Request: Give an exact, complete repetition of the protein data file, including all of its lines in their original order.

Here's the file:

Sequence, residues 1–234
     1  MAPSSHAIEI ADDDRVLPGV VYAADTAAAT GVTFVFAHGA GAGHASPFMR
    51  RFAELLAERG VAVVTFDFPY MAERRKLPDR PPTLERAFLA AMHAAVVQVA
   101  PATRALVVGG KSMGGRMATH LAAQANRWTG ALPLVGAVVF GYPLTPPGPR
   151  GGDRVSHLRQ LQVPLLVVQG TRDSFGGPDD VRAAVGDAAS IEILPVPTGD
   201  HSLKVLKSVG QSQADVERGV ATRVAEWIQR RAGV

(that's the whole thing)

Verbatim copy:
Sequence, residues 1–234
     1  MAPSSHAIEI ADDDRVLPGV VYAADTAAAT GVTFVFAHGA GAGHASPFMR
    51  RFAELLAERG VAVVTFDFPY MAERRKLPDR PPTLERAFLA AMHAAVVQVA
   101  PATRALVVGG KSMGGRMATH LAAQANRWTG ALPLVGAVVF GYPLTPPGPR
   151  GGDRVSHLRQ LQVPLLVVQG TRDSFGGPDD VRAAVGDAAS IEILPVPTGD
   201  HSLKVLKSVG QSQADVERGV ATRVAEWIQR RAGV